Writings

Looking Forward to Monday Mornings
A series of essays on business, architecture, and the business of architecture.
by Daniel Frisch
Posted June 5th, 2018

Residential design and construction is an industry founded on urgency.  We have not met the owner who has commissioned a new home and said, “no rush; whenever the house is finished is fine with me.”  When someone decides to invest in and build their dream home, yesterday is not soon enough.

A careful study of the time, quality, and money balance would suggest that an over focus on urgency may have a net negative effect on any project.  Urgency pushed further becomes haste and leads to mistakes, sacrificing either quality and design considerations, or costing money through unnecessary corrective work.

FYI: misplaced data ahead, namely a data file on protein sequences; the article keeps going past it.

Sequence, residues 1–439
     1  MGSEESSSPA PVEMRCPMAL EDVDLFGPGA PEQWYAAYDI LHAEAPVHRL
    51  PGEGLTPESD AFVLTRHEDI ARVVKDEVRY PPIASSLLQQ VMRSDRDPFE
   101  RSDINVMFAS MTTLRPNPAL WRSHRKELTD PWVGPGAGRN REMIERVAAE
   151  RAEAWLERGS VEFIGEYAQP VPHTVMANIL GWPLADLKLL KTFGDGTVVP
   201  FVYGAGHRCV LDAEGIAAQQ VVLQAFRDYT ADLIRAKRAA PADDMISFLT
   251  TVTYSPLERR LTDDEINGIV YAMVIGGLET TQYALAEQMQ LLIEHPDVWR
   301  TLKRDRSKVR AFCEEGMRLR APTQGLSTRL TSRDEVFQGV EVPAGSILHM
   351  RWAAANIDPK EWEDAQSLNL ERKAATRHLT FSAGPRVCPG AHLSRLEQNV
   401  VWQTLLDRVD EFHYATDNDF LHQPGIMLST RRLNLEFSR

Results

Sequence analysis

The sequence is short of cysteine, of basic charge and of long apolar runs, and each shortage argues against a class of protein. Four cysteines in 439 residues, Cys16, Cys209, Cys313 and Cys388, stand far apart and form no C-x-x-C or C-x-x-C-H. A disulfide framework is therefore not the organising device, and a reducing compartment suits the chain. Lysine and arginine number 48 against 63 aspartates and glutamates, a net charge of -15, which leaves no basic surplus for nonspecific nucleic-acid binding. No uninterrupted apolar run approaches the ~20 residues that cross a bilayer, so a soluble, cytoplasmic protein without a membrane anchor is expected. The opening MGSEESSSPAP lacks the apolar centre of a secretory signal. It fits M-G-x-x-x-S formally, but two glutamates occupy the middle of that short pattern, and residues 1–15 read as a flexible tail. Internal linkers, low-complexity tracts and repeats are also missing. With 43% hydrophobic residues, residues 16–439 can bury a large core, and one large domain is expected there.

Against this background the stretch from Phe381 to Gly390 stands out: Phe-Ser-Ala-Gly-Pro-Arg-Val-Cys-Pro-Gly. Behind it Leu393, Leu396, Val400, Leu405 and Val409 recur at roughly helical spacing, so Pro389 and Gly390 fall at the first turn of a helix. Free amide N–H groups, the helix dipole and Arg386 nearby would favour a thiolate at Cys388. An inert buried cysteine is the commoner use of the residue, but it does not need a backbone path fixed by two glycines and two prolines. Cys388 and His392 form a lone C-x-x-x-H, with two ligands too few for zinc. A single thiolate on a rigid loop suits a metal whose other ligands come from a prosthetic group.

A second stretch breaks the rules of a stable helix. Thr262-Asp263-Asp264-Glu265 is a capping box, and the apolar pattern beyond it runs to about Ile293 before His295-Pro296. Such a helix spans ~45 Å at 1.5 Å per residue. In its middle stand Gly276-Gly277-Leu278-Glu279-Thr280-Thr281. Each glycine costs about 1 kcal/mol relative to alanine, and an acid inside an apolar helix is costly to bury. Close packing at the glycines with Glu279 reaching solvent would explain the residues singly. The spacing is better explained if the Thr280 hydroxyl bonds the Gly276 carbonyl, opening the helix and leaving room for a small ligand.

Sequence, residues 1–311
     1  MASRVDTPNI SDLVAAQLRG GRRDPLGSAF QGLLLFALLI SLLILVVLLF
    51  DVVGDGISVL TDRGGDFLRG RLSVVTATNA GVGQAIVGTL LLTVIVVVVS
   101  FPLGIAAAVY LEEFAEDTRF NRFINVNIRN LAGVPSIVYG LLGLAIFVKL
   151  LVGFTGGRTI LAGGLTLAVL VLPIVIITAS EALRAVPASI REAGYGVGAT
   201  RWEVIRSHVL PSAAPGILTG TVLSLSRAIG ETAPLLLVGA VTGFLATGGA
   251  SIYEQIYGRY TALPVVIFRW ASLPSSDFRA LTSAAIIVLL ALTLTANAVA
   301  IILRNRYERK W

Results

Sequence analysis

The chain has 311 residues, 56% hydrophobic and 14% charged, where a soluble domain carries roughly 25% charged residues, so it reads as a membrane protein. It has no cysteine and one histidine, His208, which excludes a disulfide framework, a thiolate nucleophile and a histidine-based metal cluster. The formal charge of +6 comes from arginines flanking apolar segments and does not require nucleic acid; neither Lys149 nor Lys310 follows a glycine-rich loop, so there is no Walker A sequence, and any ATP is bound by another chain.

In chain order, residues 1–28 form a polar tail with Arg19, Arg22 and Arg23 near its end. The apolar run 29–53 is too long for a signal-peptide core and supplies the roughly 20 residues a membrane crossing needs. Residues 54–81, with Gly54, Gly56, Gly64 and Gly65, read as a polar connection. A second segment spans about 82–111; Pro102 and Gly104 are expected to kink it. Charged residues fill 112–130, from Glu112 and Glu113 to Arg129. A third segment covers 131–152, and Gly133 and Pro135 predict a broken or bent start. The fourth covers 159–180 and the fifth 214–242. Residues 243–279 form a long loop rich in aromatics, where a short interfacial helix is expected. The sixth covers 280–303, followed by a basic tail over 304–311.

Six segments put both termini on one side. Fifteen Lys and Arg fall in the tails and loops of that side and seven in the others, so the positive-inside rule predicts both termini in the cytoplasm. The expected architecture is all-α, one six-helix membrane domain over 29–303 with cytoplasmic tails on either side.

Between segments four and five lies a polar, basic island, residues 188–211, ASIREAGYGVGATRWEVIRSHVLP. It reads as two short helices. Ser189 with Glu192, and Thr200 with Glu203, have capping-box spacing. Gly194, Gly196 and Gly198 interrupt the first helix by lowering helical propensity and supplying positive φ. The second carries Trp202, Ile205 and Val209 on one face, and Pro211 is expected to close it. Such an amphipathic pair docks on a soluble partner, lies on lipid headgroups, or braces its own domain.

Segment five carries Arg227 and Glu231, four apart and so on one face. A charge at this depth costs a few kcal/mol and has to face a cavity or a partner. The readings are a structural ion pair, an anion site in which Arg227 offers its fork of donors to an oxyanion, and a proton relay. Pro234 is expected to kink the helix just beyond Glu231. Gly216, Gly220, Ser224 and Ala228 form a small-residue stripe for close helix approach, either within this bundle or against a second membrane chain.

But that is just a clinical argument.  More significantly, haste destroys the creative process.  A rush to finish solely to meet the demands of a client, boss, building and municipal rules and regulations, or contractors, often produces substandard results.

We recently tuned in to a Ted Talk by Adam Grant on “Original Thinkers” and I am pleased to report that successful residential architects may be the perfect blend of ‘pre-crastinators’ and ‘pro-crastinators’.  Many of our best ideas and solutions come at times when we are not specifically focused on the specific task at hand.  For me, I wake up at four in the morning with an idea, or mull one over in the shower, or while walking to work.  Slowing down and letting ideas percolate is not necessarily a sign of laziness or a lack of drive; sometimes it’s the most direct route to the best answer.

One of our favorite images is that of the duck paddling like crazy underwater just to stay afloat.  I think the duck’s serene above-water bearing is to be nurtured and is why we thrive, while the work of paddling goes on without public awareness. Speaking for my team, learning to slow down and think is much harder than driving each other to work harder or to meet specific goals.

DF, 11-23-2016